Cooper v. Tazewell Square Apartments, Ltd., 577 F. Supp. 1483 (W.D. Va. 1984)

US District Court for the Western District of Virginia - 577 F. Supp. 1483 (W.D. Va. 1984)
January 12, 1984

577 F. Supp. 1483 (1984)

David COOPER, Plaintiff,

Civ. A. No. 83-04584A.

United States District Court, W.D. Virginia, Abingdon Division.

January 12, 1984.

*1484 Martin Wegbreit, Castlewood, Va., for plaintiff.

Dennis Heileman, Tazewell, Va., for defendant.



GLEN M. WILLIAMS, District Judge.

The case is before the court on plaintiff's motion for a preliminary and permanent injunction and defendant's motions to dismiss and to dissolve the temporary restraining order. The plaintiff, David Cooper, brought this action for temporary and permanent injunctions and declaratory judgment pursuant to 28 U.S.C. §§ 2201, 2202 and 42 U.S.C. § 1983, alleging that the defendant, Tazewell Square Apartments, Ltd., denied plaintiff his due process rights guaranteed to him under 42 U.S.C. § 1485 and 7 C.F.R. §§ 1944.551-.559 (1983). After an ex parte hearing on October 13, 1983, this court granted plaintiff's motion for a temporary restraining order and enjoined the defendant from evicting him through an action brought in General District Court in Tazewell County, Virginia, without first granting Mr. Cooper his due process rights under 42 U.S.C. § 1480(g) and 7 C.F.R. §§ 1944.551-.559. Jurisdiction over this case is based upon 28 U.S.C. §§ 1331 and 1343.[1]

The court extended the temporary restraining order until October 28, 1983 pursuant to an Agreed Order. On October 28, 1983, the court held a hearing regarding plaintiff's motion for a preliminary injunction and defendant's motions to dismiss and to dissolve the injunction, at which time the court consolidated the hearing with the trial of the action on the merits pursuant to Fed.R.Civ.P. 65(a) (2). At the conclusion of the trial, the court granted another extension of the injunction and took the case under advisement. As the parties have filed their discovery, admissions and memoranda of law, this case is ready for disposition. The issue is whether the court should issue a permanent injunction prohibiting the defendant from evicting the plaintiff until the defendant gives him a hearing before an impartial decision maker.

The plaintiff seeks relief under the Rural Rental Housing Loan Program of the *1485 Housing Act of 1949, as amended, 42 U.S.C. §§ 1471-1490h. Under the Act,

[t]he Secretary is authorized to insure loans made to any individual, corporation, association, ... or partnership to provide rental or cooperative housing and related facilities for elderly or handicapped persons or families or other persons and families of moderate income in rural areas, in accordance with the terms and conditions substantially identical with those specified in section 1472 of this title; ....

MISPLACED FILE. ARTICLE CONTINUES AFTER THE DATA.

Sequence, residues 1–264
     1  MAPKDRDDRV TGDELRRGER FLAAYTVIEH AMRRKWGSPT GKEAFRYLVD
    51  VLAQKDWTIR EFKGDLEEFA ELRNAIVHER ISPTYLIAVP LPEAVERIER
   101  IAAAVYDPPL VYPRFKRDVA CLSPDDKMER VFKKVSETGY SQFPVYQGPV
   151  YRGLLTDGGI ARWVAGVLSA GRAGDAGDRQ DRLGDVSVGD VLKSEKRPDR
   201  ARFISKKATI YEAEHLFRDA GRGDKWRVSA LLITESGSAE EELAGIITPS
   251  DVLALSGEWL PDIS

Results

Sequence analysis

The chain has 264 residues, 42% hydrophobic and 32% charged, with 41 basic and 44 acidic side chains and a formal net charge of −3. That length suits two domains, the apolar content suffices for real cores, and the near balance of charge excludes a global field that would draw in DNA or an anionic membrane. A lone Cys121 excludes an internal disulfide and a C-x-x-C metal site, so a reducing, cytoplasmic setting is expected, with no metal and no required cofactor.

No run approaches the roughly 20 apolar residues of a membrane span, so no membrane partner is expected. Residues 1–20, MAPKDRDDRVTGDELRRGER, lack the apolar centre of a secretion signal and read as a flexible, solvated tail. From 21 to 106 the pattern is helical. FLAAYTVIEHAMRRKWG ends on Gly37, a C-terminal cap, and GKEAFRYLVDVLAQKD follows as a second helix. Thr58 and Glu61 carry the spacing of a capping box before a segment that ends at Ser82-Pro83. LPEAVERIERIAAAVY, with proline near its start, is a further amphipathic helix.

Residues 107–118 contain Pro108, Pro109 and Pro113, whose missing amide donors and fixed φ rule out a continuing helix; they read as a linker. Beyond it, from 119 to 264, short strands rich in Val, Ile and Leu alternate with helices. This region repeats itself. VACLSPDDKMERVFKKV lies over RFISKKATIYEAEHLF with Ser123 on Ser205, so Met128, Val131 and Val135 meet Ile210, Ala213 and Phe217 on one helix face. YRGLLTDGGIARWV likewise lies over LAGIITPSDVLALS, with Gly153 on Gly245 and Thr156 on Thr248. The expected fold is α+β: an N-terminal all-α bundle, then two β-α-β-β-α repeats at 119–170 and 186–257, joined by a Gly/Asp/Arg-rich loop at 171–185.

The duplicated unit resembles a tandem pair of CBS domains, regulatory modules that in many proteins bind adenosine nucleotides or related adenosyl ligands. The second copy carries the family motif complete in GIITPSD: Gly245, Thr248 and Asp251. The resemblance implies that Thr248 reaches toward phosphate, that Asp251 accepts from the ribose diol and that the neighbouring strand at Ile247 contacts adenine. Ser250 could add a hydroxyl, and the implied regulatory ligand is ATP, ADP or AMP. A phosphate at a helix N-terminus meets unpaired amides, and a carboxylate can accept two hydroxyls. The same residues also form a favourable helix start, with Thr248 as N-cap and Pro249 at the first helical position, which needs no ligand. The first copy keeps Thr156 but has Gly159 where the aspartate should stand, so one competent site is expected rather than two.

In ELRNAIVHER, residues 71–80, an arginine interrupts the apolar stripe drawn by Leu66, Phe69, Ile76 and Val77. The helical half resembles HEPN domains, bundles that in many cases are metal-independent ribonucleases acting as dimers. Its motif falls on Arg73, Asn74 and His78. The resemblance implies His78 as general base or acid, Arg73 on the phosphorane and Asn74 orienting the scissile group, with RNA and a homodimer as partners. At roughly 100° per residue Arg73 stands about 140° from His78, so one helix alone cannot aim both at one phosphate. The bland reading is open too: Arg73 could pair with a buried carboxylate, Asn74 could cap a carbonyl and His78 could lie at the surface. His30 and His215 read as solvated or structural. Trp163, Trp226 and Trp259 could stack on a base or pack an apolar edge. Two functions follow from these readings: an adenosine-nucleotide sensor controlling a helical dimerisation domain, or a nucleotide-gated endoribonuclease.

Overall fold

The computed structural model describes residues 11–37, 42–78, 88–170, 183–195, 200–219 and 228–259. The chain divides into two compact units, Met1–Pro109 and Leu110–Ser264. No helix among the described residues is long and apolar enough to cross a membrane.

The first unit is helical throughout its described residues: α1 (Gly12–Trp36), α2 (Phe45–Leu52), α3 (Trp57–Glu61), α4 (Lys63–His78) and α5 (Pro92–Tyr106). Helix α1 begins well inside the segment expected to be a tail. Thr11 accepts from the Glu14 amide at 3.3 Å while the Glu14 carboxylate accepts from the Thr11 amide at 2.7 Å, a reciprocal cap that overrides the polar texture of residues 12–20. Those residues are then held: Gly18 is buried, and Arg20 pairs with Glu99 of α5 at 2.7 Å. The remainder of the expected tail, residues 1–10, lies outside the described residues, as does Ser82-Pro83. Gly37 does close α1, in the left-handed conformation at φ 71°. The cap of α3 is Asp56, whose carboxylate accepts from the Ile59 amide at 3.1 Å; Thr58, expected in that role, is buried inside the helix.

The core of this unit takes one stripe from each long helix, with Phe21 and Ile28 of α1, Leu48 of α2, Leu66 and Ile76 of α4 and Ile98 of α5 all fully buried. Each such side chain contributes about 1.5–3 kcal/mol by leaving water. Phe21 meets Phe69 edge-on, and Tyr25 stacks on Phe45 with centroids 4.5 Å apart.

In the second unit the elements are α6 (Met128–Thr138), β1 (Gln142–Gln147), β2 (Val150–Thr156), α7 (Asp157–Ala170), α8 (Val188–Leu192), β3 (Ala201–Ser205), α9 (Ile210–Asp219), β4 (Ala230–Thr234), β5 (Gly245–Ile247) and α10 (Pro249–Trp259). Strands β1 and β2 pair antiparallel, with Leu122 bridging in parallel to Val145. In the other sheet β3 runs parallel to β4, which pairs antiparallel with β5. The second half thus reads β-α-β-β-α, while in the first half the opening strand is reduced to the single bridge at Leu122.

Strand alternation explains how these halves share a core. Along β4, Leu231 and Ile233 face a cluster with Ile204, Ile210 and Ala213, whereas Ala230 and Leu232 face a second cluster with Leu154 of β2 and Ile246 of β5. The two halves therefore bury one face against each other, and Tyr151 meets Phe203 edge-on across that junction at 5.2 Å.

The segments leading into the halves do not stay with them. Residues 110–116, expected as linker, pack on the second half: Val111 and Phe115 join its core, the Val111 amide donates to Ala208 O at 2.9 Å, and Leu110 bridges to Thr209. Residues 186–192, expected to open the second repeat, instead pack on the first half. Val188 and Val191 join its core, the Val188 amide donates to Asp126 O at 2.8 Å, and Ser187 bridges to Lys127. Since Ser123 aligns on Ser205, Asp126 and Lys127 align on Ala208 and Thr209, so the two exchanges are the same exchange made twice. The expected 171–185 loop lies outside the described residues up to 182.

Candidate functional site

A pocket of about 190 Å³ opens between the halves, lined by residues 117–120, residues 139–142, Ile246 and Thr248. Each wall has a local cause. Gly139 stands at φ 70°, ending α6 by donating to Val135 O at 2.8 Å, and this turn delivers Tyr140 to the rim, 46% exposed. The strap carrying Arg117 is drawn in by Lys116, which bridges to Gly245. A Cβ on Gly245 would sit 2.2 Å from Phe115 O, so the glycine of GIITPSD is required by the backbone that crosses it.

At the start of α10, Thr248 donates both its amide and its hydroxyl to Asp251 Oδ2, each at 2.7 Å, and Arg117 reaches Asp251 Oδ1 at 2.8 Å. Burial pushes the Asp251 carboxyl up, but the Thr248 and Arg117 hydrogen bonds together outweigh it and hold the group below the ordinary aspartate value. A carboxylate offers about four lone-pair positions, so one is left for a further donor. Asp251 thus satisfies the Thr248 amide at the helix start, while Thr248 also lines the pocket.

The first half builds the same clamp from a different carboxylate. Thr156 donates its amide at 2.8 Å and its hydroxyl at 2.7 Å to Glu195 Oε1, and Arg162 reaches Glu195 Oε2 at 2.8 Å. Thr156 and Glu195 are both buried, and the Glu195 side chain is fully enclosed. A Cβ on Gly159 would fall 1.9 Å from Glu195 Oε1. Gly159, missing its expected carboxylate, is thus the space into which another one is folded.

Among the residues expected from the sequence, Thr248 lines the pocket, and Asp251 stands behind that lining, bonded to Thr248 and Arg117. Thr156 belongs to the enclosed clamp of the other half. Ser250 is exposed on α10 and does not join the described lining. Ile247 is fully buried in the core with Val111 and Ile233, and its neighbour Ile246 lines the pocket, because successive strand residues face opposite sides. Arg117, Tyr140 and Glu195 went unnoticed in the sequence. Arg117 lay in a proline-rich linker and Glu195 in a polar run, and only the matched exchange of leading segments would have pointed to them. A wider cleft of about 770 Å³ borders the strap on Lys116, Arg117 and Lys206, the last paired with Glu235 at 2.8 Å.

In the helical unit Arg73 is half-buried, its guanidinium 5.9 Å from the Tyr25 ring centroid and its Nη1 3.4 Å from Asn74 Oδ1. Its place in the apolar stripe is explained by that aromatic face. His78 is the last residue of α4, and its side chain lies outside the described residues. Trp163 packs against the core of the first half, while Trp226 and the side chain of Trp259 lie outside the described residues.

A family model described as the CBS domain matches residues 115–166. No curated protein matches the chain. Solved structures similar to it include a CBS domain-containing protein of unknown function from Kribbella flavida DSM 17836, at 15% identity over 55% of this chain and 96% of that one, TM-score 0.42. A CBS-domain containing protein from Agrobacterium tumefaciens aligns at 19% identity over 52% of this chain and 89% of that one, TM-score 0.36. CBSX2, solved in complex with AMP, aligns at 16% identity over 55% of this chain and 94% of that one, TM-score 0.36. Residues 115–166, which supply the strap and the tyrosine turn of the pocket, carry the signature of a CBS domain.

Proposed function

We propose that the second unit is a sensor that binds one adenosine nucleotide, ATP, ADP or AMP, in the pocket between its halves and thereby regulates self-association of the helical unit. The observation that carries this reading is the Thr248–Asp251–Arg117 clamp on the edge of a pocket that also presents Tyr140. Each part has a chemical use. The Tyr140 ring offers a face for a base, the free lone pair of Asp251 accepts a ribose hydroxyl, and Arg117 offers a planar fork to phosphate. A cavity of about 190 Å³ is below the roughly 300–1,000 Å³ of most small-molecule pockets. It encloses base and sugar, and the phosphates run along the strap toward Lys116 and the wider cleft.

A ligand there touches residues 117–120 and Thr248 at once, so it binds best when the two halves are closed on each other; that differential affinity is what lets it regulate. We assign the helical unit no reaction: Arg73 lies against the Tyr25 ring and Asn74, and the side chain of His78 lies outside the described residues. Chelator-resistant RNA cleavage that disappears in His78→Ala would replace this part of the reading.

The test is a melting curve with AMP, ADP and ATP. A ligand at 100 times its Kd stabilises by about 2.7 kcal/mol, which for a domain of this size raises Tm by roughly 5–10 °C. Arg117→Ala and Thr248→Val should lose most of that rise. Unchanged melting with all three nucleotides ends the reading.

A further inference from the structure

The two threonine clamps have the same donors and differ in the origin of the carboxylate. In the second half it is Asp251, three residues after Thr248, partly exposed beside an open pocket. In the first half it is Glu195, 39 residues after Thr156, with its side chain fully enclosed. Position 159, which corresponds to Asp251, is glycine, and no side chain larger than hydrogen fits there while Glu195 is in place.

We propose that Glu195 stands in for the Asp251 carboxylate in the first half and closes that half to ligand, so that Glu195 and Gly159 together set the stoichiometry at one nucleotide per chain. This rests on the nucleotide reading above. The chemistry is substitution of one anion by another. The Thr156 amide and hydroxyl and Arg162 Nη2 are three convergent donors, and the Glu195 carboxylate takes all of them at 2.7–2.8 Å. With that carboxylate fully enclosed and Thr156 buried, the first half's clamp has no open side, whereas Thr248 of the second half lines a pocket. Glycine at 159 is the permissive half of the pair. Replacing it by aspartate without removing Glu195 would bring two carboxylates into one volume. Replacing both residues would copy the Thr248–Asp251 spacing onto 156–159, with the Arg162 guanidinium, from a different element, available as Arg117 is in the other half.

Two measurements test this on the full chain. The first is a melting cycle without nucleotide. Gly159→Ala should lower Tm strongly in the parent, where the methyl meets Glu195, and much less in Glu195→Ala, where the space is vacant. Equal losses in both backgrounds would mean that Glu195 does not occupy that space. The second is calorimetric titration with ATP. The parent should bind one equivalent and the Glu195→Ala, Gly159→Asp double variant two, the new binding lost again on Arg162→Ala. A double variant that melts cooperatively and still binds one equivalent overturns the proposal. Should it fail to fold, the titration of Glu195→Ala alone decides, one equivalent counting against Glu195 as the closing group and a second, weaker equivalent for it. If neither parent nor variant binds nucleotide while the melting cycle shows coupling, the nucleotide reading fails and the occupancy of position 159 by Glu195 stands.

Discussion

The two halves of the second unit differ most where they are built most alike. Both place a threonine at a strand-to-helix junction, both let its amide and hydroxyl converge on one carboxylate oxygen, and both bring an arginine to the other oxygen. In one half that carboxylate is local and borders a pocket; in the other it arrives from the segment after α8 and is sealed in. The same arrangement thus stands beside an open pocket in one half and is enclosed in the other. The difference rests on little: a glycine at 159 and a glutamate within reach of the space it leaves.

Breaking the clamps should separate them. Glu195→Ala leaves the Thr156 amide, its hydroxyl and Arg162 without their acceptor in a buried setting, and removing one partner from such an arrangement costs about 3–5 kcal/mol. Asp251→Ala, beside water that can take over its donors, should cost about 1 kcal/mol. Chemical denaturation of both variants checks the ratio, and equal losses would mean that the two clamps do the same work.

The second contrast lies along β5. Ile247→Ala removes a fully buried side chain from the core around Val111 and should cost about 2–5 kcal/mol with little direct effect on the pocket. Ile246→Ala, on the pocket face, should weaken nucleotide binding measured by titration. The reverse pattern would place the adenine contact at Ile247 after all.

42 U.S.C. § 1485(b). Section 1472 provides for the terms of the loan; if the Secretary determines that an applicant is eligible for assistance and that the applicant can repay the full amount of the loan, the loan may be made. 42 U.S.C. § 1472(a). Under Section 1490a, the Secretary is authorized not only to "make and insure loans under ... section 1485 ... of this title to provide rental or cooperative housing and related facilities for persons and families of low income in multifamily housing projects" but also to "make, and contract to make, assistance payments to the owners of such rental congregate, or cooperative housing in order to make available to low-income occupants of such housing rentals at rates commensurate to income and not exceeding 25 per centum of income." 42 U.S.C. § 1490a(a) (2) (A).

To carry out the provisions of subchapter III entitled Farm Housing, the Secretary has specific powers which Congress gave him. 42 U.S.C. § 1480. Under a general provision the Secretary is empowered "to make such rules and regulations as he deems necessary to carry out the purposes of this subchapter." § 1480(j). In the Housing and Community Development Amendments of 1978, Congress amended the act to add a new provision which provides that:

The Secretary shall have the power to (g) Rules and regulations for written notice of denial or reduction of assistance issue rules and regulations which assure that applicants denied assistance under this subchapter or persons or organizations whose assistance under this subchapter is being substantially reduced or terminated are given written notice of the reasons for denial, reduction or termination and are provided at least an opportunity to appeal an adverse decision and to present additional information relevant to that decision to a person, other than the person making the original determination, who has authority to reverse the decision ....

42 U.S.C. § 1480(g) (emphasis added.)

Using this power, the Secretary promulgated regulations entitled Farmers Home Administration Tenant Grievance and Appeals Procedure. 7 C.F.R. §§ 1944.-551-.559[2]. The stated objective of this procedure is "to ensure the fair treatment of tenants while providing for an equitable manner by which borrowers can operate, maintain, and safeguard rental projects." 7 C.F.R. § 1944.552. Generally, this regulation provides a grievance and appeals process which satisfies due process requirements of notice and an opportunity to be heard to protect the right or prospective right of a tenant or an applicant to rural rental housing. With this statutory and regulatory background, the court turns to the factual setting in this case.